Son Hoi An, 177 Cua Dai (Riverside on the Cua Dai beach road). Very popular stopping point for those cycling back from the beach. Well reviewed. http://www.sonhoian.com/Our-Menu.html.
27 - 29 - 31 Phan Boi Chau street, Hoi An ancient town, ☎ 84 510 3914150 (firstname.lastname@example.org, fax: 84 510 3923012). Brother's might be stretching the "mid-range" category. The tranquil French colonial riverside setting is the precursor to a lengthy menu beginning with appetizers of Hoi An special yellow noodle with pork charsjiu & fresh vegetables, Quang Nam white noodle soup with charsjiu pork meat & shrimps, Hoi An "white roses" dumplings, fresh spring rolls, prawns on toast, Hoi An deep -fried special spring rolls, deep-fried wonton, crispy prawn, and crispy calamari. There are five different soups, four salads, five different pork, chicken and beef dishes each (including a grilled pork chop in five flavors sauce), and several sea food entrees. Service is top notch, and the waitresses are invariably cute and demure, yet quite able to explain the different options.
In the mid-17 century, some people under the Ming dynasty in China traveled south in search of a new home. Eventually, they stopped in Hoi An where they founded their Minh Huong Village. In the generations since that time, many things have changed in the Minh Huong families. Old traditions have been lost and new ones adopted.No Chinese is spoken anymore. Dress and mannerism no longer reflected their homeland tradition.
Thanks to the mothers, past and present, a most important feature of the old culture has been preserved....an appreciation for fine food. The combination of the culinary arts handed down by the ancestors and a generous variety of local ingredients has proven to be the ideal marriage of two cultures and two cuisines.
At Bon Cafe and Restaurant, you can find it intersting in Bon specialties, the Minh Huong secret family recipes. A unique example of local food that mixes present-day freshness and 17th century inspiration, all of which is designed to please the contemporary palate.
Hoi An New Town
The atmosphere of the Old Town hasn't been preserved by accident: strict bylaws prohibit new construction within its narrow lanes. As a result, there's a building boom just outside the borders of the Old Town, most noticeably as you head north of Le Hong Phong. Walk a few blocks from that old world ambiance, and suddenly you're in a construction zone. Several hotels have sprung up in this area, which is completely lacking in the charm that brings visitors to Hoi An. Not surprisingly, those are the hotels (Phuong Nam Hotel is among the worst offenders) that are most likely to pay commissions to open-tour bus companies and use Internet sites to describe the dusty construction zone as a "peaceful area". They're also cheaper and easier to bargain with, but the reason they're so cheap is that they're missing the whole point of a visit to Hoi An. There are plenty of options closer to the center of town. Once you've taken a night-time stroll through the Old Town, you won't mind if you had to fork over an extra dollar or two for a better location.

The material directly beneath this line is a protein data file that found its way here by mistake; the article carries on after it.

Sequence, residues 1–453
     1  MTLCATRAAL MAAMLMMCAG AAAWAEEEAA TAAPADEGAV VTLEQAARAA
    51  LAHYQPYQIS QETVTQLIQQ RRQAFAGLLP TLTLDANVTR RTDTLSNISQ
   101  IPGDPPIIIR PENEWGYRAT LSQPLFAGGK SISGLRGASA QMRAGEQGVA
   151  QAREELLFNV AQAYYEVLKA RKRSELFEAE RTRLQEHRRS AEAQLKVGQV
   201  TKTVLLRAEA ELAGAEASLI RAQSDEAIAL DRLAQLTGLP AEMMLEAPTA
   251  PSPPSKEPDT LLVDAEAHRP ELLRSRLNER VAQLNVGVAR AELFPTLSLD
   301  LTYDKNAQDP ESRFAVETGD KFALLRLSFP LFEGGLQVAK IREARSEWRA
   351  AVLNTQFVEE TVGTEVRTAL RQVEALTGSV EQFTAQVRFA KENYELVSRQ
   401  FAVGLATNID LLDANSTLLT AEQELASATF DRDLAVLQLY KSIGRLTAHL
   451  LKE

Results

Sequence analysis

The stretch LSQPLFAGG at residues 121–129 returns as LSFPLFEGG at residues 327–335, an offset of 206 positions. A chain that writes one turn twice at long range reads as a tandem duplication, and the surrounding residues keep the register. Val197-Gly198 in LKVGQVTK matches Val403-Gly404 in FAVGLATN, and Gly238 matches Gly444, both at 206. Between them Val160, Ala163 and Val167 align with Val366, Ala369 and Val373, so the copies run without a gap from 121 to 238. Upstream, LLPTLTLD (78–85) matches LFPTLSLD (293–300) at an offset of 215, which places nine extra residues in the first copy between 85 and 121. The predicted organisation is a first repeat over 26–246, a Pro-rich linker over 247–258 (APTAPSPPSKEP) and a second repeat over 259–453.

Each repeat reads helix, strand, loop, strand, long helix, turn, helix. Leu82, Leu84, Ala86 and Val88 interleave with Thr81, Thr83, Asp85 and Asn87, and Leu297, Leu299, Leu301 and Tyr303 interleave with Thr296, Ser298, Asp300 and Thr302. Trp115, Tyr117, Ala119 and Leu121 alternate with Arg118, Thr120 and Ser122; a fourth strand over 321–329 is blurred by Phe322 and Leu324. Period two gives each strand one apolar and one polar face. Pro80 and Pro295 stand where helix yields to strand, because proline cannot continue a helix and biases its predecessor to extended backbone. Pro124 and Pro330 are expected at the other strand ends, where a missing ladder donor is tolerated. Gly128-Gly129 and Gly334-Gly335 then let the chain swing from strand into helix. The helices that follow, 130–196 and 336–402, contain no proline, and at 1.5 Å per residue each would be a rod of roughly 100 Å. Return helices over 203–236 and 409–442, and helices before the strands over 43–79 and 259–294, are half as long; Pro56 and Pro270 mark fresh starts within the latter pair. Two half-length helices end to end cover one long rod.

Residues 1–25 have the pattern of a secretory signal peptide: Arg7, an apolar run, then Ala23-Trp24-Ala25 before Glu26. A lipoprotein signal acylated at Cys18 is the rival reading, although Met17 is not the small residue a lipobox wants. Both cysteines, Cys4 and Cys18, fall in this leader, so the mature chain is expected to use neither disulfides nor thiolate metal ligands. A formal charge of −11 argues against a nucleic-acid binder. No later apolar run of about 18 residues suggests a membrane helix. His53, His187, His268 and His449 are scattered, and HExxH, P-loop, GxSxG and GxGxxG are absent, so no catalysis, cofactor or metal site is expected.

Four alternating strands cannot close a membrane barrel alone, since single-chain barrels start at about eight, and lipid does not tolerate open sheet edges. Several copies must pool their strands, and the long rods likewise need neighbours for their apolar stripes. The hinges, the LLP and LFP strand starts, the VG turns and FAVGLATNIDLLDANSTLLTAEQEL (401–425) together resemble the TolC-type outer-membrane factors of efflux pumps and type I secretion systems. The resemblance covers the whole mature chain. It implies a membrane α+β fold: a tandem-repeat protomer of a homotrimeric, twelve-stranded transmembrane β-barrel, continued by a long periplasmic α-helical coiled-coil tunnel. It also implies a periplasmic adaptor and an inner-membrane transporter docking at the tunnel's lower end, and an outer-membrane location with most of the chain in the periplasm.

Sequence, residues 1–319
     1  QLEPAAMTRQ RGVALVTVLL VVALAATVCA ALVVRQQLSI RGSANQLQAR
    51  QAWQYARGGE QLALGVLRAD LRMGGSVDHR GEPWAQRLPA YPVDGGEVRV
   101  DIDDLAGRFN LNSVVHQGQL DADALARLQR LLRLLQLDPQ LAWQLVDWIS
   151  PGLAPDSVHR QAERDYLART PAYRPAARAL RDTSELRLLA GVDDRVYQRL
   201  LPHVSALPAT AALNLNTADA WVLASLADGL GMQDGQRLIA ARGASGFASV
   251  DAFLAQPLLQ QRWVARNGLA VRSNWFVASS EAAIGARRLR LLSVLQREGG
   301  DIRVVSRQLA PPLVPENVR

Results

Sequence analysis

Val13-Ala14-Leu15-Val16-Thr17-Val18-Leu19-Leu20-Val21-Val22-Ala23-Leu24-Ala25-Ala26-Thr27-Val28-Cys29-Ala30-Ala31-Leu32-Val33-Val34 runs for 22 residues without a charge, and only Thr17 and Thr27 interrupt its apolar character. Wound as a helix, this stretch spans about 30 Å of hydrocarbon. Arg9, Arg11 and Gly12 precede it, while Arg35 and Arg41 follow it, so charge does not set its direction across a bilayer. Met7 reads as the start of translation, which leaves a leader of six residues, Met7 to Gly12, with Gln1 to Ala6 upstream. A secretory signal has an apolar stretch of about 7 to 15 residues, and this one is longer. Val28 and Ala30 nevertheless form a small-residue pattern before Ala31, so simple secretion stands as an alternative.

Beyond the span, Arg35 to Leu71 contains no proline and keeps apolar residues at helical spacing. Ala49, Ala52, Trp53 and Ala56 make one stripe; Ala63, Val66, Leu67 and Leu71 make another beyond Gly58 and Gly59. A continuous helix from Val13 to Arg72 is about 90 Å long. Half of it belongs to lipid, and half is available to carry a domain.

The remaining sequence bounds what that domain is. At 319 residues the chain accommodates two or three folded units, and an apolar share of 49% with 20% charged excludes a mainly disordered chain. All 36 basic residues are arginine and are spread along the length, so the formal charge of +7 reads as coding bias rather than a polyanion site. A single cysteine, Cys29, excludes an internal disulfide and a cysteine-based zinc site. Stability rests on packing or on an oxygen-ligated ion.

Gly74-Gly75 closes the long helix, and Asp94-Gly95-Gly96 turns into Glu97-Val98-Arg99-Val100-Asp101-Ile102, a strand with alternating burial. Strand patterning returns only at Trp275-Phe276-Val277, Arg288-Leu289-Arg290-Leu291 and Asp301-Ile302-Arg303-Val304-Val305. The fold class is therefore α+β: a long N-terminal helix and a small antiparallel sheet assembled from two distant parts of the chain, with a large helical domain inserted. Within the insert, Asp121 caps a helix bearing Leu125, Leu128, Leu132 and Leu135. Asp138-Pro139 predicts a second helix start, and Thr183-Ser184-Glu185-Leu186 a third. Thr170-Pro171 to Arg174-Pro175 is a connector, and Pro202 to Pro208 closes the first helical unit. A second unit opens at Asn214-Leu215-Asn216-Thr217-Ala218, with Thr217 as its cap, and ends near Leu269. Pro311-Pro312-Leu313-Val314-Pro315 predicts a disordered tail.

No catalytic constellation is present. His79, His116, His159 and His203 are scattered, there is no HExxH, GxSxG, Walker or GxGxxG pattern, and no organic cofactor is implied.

Hotels in Hoi An are fiercely competitive, which means plenty of choice and generally high standards. Budget options are slightly pricier than many other parts of Vietnam, with $6 being about the cheapest. Many are clustered around Hai Ba Trung St (formerly Nhi Trung Street), just north of the Old Town and within easy walking distance, and also along Cua Dai Street, off to the east and a bit of a hike away.
Most of Hoi An's high-end hotels are located along the unbroken beach stretching from Danang to Hoi An. Closest is Cua Dai Beach 5 km away.
An Hoi Hotel, 69 Nguyen Phuc Chu, (email@example.com), . Nice and quiet, very near old town (opposite riverbank). Nicely decorated wide rooms. Free internet and Wi-Fi15-25$, including breakfast.
An Phu, 30 Nguyen Duy Hieu Street, ☎ +84 510-914345, . One of the biggest budget hotel operations in Hoi An. South of the centre, about a 5-10 minute walk away. Nice rooms and a relaxing pool in the middle. Be careful of the recommended hotel doctor in case of an emergency as they have been known to provide out of date drugs and/or sub-standard versions which have been known to cause some very dangerous reactions.US$20-40.
Dai Long. A 7 minute walk from the heart of the old town. Extremely clean, spacious rooms. Beds come complete with a mosquito net. The staff are incredibly helpful and speak excellent English. Free internet and Wi-Fi. (update) Offseason April '12, rooms go for 12-14USD.doubles ~US$20.